• Thus, the following business questions are exemplary answered by the repeat purchase report:
      • Are people repeat purchasing the new product launch?
      • Are people responding to a new product as well as to other products?
      • Has a new product launch been successful?
      • How has a recent promotion changed the behaviour of shoppers?
  • The repeat purchase provides the following parameterisation flexibility:
      • Branch
      • Store
      • product set
      • Period
  • It provides the following insights:
      • Evaluates the effects of the promotions and seasons on the repeat purchase of the products
      • Shows the cumulated evolution of the number of customers who repeat purchase up to 52 weeks
      • Compares the performance of the product sets with a benchmark
  • The switching report 51 illustrated in FIG. 7 shows customer shopping behavior for e.g. two time periods and allows thereby to understanding how customer shopping behavior changes in the case that new products are introduced, items are put on promotions or products are removed from the range. Further it compares how the distribution of the spend of the shoppers of a main product set in a second time period evolved between two periods. For visualization, switching report 51 shows tow pie diagrams 52, 53 for different products, three in this case. The left pie diagram 52 shows the amount of bought products in a first time period and the right pie diagram 53 for a second time period. A table in area 54 displays the respective values also in plain text. The user can also define other user parameters than products for parameterization of the switching report, such as branch, store, time periods or product set or user defined data sets based on e.g. product hierarchy, pre-defined product groups, import of stock keeping unit data, and user defined time intervals. Further, via provided pull-down menus further filters, etc. may be set.
  • The following business questions are answered by this report:
      • How many people did I attract from other categories/brands when the promotion ran?
      • Has my own brand been cannibalised? By how much did my sales increase?
      • What happened after delisting a product?
      • Where did the customers go?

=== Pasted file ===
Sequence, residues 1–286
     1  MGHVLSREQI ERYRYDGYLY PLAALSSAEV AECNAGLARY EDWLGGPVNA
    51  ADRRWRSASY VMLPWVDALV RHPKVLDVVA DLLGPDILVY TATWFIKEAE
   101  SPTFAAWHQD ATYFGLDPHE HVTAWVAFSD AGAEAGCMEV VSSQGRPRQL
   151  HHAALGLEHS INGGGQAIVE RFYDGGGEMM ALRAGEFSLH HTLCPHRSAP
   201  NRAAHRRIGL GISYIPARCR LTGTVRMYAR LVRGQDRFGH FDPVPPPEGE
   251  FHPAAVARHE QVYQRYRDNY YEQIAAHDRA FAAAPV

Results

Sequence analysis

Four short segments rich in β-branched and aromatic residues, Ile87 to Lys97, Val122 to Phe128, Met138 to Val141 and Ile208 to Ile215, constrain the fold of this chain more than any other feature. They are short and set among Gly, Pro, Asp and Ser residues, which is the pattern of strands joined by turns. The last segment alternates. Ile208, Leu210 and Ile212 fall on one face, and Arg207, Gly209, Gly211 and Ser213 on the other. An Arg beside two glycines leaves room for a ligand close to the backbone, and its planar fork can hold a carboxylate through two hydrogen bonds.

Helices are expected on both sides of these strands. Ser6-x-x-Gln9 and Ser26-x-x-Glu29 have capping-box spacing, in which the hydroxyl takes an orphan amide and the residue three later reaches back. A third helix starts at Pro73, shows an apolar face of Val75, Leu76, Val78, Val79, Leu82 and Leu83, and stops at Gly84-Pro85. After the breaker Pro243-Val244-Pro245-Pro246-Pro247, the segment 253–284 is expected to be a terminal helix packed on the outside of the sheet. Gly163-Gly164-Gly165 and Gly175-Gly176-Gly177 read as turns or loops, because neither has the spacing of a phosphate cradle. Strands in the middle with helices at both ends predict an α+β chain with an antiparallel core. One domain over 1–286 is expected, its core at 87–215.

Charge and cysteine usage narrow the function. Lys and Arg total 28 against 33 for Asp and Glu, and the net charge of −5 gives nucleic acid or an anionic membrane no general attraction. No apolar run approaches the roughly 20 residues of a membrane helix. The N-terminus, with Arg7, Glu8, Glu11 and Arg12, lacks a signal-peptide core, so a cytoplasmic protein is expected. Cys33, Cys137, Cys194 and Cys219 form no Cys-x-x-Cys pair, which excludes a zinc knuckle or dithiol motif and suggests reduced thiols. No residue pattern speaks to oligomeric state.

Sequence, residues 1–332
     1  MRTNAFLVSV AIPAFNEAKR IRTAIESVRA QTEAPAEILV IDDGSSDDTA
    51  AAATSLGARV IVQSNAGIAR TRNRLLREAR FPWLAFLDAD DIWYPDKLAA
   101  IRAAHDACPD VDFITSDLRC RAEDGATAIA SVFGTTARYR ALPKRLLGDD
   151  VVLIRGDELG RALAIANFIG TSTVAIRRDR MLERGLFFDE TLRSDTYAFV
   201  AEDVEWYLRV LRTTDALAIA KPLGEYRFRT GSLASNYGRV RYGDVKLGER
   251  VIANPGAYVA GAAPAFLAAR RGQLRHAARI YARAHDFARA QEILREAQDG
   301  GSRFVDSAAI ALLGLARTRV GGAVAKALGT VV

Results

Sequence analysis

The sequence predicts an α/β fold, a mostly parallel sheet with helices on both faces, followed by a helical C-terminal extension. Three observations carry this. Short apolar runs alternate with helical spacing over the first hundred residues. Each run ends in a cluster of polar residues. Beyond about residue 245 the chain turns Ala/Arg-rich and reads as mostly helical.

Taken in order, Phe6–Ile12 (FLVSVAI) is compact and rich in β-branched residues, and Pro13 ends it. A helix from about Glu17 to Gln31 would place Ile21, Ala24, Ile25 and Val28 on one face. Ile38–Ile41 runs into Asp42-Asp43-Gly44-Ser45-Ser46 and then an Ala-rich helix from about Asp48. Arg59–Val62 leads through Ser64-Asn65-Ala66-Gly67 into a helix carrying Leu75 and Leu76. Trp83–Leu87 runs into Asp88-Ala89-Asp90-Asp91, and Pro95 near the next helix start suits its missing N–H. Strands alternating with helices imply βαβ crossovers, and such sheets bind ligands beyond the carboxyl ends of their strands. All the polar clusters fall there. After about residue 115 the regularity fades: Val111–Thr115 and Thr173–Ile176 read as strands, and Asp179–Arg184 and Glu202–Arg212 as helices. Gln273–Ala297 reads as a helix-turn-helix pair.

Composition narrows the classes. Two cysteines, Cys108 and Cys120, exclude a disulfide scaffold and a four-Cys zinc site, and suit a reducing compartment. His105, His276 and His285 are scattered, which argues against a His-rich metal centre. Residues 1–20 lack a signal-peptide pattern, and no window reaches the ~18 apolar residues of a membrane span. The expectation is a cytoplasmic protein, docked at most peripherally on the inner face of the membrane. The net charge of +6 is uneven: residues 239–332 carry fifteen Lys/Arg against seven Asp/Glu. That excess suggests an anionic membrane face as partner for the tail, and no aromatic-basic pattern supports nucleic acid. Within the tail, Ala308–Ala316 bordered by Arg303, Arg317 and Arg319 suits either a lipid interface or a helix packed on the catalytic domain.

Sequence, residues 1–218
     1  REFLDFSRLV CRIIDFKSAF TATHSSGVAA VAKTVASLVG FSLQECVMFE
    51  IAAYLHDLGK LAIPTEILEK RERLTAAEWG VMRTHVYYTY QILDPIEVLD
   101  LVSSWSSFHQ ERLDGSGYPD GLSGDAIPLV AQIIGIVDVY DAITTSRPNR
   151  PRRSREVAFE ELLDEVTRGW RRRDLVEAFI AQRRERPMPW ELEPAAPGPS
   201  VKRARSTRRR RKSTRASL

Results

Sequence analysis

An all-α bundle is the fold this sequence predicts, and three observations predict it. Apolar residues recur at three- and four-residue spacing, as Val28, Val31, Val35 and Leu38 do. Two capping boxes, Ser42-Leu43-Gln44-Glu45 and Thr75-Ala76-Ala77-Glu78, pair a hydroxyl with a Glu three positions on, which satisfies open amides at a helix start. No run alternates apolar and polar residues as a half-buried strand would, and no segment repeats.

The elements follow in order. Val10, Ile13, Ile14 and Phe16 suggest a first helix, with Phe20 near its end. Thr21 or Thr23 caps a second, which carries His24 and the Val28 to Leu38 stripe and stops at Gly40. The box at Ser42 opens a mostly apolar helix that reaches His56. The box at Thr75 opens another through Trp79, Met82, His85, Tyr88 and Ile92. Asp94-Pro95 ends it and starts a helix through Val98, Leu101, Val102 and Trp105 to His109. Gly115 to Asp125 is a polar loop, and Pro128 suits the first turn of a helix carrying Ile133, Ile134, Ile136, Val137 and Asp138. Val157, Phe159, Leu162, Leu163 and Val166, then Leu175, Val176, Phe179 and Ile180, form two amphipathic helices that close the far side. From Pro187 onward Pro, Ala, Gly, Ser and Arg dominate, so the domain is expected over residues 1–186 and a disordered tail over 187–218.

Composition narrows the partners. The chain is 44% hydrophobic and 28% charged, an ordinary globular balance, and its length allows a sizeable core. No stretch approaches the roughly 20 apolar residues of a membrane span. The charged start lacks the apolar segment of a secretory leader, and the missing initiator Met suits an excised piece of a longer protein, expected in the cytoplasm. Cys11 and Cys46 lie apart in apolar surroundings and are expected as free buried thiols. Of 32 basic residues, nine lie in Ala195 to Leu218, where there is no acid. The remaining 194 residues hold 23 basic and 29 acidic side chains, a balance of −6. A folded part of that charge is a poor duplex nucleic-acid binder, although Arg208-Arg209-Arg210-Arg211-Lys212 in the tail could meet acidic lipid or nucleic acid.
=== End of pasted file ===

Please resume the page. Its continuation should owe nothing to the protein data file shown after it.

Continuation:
• Parameterisation flexibility:
      • Branch
      • Store
      • Main product set, up to 6 impact product sets, reference set (mutually exclusive)
      • Period
  • Provided insights are:
      • Allows to estimate the cannibalisation among a given category on the occasion of a product launch or a promotion
      • Identifies the share of the shoppers/turnover that have been recruited with the product launch
  • The customer profile report 55 illustrated in FIG. 8, compares and contrasts the attributes of customers who have purchased a first group of products against the attributes of customers who have purchased a second group of products. In the present case the customer profile report 55 visualizes the comparison of four different products 1 to 4 as a bar diagram area 56 of the report. In area 56 each one of the four groups of bars represents one product 1, 2, 3 or 4. The four different bars in each group of bar represent four different customer segments, namely below 30 years, between 30 and 49 years, between 50 and 64 years and over 56 years old. The values on which the bar diagram is based are also shown in plain text in a table in area 57. The user can also define other user parameters than products for parameterization of the switching report, such as branch, store, time periods or product set or user defined data sets based on e.g. product hierarchy, pre-defined product groups, import of stock keeping unit data, and user defined time intervals. Further, via provided pull-down menus further filters, etc. may be set.
  • The following business questions are answered by this report:
      • What types of customers are buying into my category, sub-category, brand or product?
      • How much is each customer group contributing to my category sales?